I said, "No. We do." So the general public that's not in touch with this community all the time thinks, well, it's taken care of. There is a pill for it. So there's no problem there. They don't understand the challenges of the medication, of the funding, etc.

And then we talk to other community members, professionals, and we start talking about the prevention education, and they're, like, "What are you doing working there? Aren't you afraid of working? Aren't you afraid you're going to get it?"

I say, "No. You don't get it by touching. You don't get it by hugging." So, just a general lack of information there.

We've got people in doctors' offices -- front offices, back offices -- where we've had clients that appear for an appointment, and they're told, "Oh, the doctors won't see patients like you."

And one particular member here said, "What? He doesn't see short women? Hispanic women? Fat women? What does he not see?" And of course, she knew what she was alluding to. And she says, "Oh, you mean he doesn't see HIV-positive clients?"

Then we've had nurses in hospitals, where a patient is in there waiting to get tested, other particular tests, and they have to draw blood. And the nurse will tell him, "I'm not drawing your blood because you're HIV positive."


And so we still continue to run into those types of situations. And what we hope to do here is not only the educational part of it, but empower the people to be able to stand up for their rights, to know their rights, and to be able to stand up and say, "Well, you know what? Then get me another nurse. Because I need to have my blood drawn, because I need to have these tests done." Or, if they're not willing to do that, to call for a supervisor, to go above them and take care of the business that needs to be taken care of.

And then, politically, of course, it's very easy to help out [for] women's breast cancer, or diabetes, and the American Heart Association. But when you mention an HIV service organization, there's still a bit of hesitancy there on many people's parts.

Do you think any of these difficulties are specific to your location, being in the South, or Texas in particular?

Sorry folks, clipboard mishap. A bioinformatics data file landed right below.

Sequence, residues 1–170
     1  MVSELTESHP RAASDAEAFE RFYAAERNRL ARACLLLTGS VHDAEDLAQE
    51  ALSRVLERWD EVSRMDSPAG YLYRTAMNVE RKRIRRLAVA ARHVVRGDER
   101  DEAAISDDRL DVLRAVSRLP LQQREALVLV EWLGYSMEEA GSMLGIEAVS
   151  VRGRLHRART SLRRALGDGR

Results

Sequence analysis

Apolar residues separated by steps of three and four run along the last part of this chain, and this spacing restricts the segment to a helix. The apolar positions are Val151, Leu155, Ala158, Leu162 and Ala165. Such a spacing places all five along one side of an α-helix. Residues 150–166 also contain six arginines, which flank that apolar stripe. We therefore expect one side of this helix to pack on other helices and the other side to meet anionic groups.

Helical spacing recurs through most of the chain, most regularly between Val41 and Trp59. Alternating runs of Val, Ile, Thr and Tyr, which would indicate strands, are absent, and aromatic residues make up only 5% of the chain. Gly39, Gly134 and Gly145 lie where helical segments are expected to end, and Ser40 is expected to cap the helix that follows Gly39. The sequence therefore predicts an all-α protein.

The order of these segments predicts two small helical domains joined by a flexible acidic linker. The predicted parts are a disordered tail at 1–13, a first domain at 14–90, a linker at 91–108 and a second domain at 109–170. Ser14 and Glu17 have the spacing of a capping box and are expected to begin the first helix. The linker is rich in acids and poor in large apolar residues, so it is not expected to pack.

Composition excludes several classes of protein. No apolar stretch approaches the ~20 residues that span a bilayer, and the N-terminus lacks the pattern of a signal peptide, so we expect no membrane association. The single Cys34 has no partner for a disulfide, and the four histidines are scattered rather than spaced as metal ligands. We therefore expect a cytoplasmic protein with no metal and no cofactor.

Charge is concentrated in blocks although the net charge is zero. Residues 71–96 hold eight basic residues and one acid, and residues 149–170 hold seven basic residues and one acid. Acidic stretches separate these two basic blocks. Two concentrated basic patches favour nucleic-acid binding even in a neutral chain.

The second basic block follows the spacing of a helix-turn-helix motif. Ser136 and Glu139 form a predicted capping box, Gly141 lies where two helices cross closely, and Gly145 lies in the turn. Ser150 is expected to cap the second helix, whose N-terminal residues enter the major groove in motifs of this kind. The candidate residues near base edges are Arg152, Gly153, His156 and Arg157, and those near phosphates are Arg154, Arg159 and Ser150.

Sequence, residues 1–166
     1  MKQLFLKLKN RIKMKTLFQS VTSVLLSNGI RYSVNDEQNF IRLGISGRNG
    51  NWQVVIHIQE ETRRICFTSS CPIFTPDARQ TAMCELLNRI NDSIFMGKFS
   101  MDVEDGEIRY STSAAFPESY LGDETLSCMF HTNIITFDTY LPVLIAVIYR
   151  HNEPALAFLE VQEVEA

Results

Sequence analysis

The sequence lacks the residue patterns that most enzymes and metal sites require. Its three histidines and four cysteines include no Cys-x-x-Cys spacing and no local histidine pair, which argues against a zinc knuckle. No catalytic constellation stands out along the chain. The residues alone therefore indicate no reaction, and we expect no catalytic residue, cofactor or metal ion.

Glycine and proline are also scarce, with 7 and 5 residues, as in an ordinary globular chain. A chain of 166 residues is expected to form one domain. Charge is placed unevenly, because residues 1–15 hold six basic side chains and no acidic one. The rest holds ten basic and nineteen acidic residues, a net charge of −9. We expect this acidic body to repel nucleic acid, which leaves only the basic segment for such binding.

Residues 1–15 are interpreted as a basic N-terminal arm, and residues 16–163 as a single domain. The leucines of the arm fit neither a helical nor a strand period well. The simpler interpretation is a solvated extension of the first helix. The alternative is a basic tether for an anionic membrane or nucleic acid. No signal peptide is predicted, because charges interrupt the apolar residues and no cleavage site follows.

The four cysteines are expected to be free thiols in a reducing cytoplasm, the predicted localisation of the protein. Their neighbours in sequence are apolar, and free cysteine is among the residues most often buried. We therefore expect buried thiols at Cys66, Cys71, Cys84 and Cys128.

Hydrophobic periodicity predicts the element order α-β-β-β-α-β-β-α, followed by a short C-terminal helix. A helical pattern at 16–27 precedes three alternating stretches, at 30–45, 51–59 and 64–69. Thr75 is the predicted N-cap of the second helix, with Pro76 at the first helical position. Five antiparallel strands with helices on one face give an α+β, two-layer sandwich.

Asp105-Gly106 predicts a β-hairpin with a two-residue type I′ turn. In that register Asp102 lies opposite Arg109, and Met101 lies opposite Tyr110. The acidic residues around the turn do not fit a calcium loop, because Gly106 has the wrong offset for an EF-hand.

At times I thought that it would be because we are kind of a traditional state, but at the same time, Texans are known as rebels, so no, not necessarily because of that. And I know that religion plays a big part in that as well. I've had an opportunity through my church to deal with that. But yet, at the same time, I do find a lot of support and people willing to help out in that place, too.

So, culturally, we still have a lot of stigma associated with that. But I think if you really dig deep underneath that, it's kind of like that old saying, the squeaky wheel gets the grease. And perhaps we don't have the very, very strong advocates that a San Francisco or a Chicago would have. And perhaps we don't have the numbers that those areas would have, in comparison.

I think we're getting there, as far as adequacy, though. In this last year, I've seen a change in a lot of folks, becoming a little bit more empowered, a little bit more willing to stick their necks out.

But here's the other thing: In Texas, and here in San Antonio, we also have a lot of issues with immigration. Therefore, people are not willing to speak up. We had a women's conference here in June that the Ms. Foundation helped sponsor. And we invited women from across the state of Texas. And I wanted to get representation from all the cities and the major areas. And it didn't really hit us until we were preparing for the folks coming in that there were some people coming in from other cities that, at the last minute, were afraid to come in because of their immigration status.

And so that's probably one of the big differences that we have here versus other areas.

In terms of services, Mujeres Unidas provides support groups and prevention education?

Yes. We do education and prevention. We have what's called in Spanish, pláticas, which means talk. And we'll get together in either some small support groups or in community venues, any group that wants us to get together to talk to them about it.